Ethnic disparities in mental health and educational attainment: Comparing migrant and native children
International Journal of Social Psychiatry , Volume 53 - Issue 6 p. 514- 525
Study background and aims: Ethnic disparities in mental health in adolescence may play a role in the development of ethnic disparities in educational attainment. The aim of this study was to assess the contribution of ethnic disparities in mental health problems in adolescence to ethnic disparities in educational attainment in adulthood. Methods: We followed two community samples of respectively 486 Dutch native and 168 Turkish migrant adolescents (11-15 years old) into adulthood (21-25 years old). Mental health was measured in adolescence, and educational attainment was assessed in adulthood. The contribution of mental health disparities to educational disparities was estimated by the degree of attenuation of the odds ratio (OR) for low education after adjustment for mental health problems. Results: Adult Turkish men more often had attained lower education than Dutch men (OR 1.81 (1.01-3.25)). Additional adjustment for mental health problems during adolescence did not change the OR. In Turkish women, however, the OR was 1.94 (1.04-3.62), and adjustment for mental health problems lowered it by 96% to 1.04 (0.51-2.14). The contribution was mostly due to ethnic disparities in internalizing problems. Conclusion: In women, but not in men, ethnic disparities in mental health, especially internalizing problems, were a strong predictor for the development of ethnic disparities in educational attainment. Prevention or treatment of internalizing problems among Turkish girls will probably contribute to the prevention of educational disparities.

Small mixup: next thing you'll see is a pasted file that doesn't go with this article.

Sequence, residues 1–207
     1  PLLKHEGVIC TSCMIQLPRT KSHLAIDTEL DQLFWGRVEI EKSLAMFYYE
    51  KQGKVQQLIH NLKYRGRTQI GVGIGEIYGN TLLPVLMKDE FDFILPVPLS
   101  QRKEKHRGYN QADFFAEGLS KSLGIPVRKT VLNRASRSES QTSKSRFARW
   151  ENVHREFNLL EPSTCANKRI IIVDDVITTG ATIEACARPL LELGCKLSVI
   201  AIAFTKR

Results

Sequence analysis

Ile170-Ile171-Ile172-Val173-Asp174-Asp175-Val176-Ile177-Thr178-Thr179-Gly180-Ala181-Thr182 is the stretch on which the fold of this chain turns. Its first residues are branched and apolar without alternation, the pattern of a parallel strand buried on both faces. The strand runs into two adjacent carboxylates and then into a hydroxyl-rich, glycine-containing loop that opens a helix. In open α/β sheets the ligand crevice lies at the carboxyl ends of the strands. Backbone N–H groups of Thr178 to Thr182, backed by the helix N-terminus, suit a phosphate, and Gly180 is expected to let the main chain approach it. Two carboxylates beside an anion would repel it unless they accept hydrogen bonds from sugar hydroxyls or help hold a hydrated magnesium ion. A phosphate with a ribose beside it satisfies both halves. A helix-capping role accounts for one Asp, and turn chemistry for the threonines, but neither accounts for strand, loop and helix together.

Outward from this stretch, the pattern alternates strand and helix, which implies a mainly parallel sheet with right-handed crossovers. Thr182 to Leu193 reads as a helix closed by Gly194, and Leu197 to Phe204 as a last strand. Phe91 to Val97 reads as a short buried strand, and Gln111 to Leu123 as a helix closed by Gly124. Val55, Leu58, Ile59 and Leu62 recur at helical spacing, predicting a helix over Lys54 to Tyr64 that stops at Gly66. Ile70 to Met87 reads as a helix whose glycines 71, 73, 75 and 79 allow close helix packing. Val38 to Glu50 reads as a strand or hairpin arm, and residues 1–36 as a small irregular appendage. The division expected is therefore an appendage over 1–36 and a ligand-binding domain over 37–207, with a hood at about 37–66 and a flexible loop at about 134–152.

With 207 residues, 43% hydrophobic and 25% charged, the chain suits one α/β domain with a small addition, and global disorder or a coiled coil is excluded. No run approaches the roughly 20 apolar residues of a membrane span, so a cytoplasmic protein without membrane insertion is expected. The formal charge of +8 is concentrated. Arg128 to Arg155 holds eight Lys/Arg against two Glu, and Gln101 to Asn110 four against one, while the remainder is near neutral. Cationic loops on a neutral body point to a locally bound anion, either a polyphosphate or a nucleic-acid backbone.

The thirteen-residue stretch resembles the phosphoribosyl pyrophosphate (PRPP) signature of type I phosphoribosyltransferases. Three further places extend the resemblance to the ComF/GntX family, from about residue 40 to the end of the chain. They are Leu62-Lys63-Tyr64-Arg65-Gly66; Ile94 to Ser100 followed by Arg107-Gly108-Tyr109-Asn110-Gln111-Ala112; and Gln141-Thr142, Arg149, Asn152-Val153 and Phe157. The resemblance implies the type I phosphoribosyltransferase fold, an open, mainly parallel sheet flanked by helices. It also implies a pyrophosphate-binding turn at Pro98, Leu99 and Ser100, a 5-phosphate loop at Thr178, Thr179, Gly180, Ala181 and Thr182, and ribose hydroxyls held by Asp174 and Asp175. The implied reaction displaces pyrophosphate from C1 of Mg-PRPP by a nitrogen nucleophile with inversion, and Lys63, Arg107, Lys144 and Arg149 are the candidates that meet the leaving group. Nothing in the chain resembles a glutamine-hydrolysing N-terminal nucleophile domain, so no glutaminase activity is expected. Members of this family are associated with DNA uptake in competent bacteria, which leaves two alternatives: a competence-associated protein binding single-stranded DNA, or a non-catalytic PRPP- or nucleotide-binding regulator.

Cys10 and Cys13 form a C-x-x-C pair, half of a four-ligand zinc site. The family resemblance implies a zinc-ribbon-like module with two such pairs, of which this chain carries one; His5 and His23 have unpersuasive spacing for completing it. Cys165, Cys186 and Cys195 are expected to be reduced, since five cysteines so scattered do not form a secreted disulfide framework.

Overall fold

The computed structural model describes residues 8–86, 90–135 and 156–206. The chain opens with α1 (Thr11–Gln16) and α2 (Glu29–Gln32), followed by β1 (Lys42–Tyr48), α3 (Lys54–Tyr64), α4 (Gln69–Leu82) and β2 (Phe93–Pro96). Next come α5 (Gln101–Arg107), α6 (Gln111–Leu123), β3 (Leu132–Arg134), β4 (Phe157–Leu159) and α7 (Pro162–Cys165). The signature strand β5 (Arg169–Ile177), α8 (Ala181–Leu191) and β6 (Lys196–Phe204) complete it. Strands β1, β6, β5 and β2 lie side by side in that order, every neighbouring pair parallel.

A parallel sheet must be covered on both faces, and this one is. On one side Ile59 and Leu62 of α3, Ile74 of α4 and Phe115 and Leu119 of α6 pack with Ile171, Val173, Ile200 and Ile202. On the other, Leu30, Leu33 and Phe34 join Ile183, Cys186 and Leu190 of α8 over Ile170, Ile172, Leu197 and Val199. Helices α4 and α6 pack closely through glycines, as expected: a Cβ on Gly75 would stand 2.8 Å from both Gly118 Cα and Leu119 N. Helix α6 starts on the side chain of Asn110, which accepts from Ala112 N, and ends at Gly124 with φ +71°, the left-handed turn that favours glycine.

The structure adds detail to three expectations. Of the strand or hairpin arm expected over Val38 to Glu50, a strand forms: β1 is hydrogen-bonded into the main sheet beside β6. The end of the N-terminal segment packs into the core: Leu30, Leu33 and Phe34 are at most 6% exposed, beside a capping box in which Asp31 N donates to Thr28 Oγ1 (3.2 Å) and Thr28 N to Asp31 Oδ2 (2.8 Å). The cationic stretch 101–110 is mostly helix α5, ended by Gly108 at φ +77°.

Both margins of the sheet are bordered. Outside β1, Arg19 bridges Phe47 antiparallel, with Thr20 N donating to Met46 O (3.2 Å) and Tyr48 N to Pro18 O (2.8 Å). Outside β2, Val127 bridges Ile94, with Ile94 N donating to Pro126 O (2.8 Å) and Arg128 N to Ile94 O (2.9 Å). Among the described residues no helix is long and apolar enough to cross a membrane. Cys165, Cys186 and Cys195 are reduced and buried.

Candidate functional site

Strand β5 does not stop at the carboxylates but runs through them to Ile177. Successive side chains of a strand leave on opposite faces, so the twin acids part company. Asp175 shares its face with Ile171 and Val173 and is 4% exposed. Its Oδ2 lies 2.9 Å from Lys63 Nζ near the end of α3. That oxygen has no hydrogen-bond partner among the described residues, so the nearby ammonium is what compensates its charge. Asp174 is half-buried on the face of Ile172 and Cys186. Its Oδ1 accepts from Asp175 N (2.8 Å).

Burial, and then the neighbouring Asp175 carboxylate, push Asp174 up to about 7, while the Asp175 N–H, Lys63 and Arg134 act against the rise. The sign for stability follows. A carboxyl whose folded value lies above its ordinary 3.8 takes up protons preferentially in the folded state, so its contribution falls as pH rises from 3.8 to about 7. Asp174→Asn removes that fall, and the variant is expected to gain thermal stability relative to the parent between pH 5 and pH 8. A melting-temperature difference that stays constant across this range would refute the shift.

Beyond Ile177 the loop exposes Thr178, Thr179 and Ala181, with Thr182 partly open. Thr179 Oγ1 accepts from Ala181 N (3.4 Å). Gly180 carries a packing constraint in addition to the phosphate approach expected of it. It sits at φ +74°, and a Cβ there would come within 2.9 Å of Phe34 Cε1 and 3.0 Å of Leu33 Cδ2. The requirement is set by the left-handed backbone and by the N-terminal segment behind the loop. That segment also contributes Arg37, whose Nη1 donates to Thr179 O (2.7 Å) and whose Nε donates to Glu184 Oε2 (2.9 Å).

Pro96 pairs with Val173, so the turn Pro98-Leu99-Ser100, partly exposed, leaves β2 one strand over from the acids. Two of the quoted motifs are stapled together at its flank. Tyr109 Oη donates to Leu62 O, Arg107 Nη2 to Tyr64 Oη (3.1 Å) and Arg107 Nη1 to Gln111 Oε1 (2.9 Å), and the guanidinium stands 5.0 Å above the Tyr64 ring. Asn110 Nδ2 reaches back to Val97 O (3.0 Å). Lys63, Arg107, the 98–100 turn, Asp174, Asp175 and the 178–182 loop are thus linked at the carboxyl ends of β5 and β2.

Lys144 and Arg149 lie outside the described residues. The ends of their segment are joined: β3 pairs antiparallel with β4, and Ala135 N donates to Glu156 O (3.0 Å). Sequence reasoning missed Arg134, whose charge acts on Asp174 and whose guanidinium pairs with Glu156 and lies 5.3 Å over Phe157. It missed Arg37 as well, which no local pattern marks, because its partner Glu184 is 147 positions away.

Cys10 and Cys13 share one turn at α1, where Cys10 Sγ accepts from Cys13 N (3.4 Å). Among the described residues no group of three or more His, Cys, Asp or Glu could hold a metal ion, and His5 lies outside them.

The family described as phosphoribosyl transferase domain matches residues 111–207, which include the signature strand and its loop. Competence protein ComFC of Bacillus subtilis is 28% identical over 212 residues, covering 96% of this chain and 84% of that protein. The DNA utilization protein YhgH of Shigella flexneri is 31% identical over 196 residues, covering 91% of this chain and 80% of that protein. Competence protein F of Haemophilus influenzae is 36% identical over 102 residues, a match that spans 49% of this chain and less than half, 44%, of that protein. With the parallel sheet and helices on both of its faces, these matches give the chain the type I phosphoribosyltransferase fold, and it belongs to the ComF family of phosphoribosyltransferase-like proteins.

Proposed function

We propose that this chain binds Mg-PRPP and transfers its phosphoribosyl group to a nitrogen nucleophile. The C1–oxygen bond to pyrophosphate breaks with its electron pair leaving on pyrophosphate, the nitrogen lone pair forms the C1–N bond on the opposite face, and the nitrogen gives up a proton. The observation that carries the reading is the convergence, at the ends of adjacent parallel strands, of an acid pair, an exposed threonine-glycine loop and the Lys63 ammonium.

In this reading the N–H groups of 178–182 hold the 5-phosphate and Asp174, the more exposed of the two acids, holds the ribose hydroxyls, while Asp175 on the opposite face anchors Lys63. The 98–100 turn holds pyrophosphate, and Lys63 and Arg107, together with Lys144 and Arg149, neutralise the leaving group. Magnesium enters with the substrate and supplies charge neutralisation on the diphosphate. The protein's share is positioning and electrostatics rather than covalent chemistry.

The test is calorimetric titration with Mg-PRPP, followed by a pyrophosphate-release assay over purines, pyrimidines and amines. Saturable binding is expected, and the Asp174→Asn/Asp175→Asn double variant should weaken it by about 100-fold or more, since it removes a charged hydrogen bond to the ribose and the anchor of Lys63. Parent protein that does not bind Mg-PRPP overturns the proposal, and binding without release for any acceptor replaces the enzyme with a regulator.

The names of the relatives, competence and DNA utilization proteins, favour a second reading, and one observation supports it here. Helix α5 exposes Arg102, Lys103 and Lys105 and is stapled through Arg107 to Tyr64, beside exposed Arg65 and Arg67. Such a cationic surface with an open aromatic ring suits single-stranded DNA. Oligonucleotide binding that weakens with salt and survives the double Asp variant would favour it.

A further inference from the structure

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|International Journal of Social Psychiatry|
|Organisation||Erasmus MC: University Medical Center Rotterdam|
van Oort, F.V.A, van der Ende, J, Crijnen, A.A.M, Verhulst, F.C, Mackenbach, J.P, & Joung, I.M.A. (2007). Ethnic disparities in mental health and educational attainment: Comparing migrant and native children. International Journal of Social Psychiatry, 53(6), 514–525. doi:10.1177/0020764007078355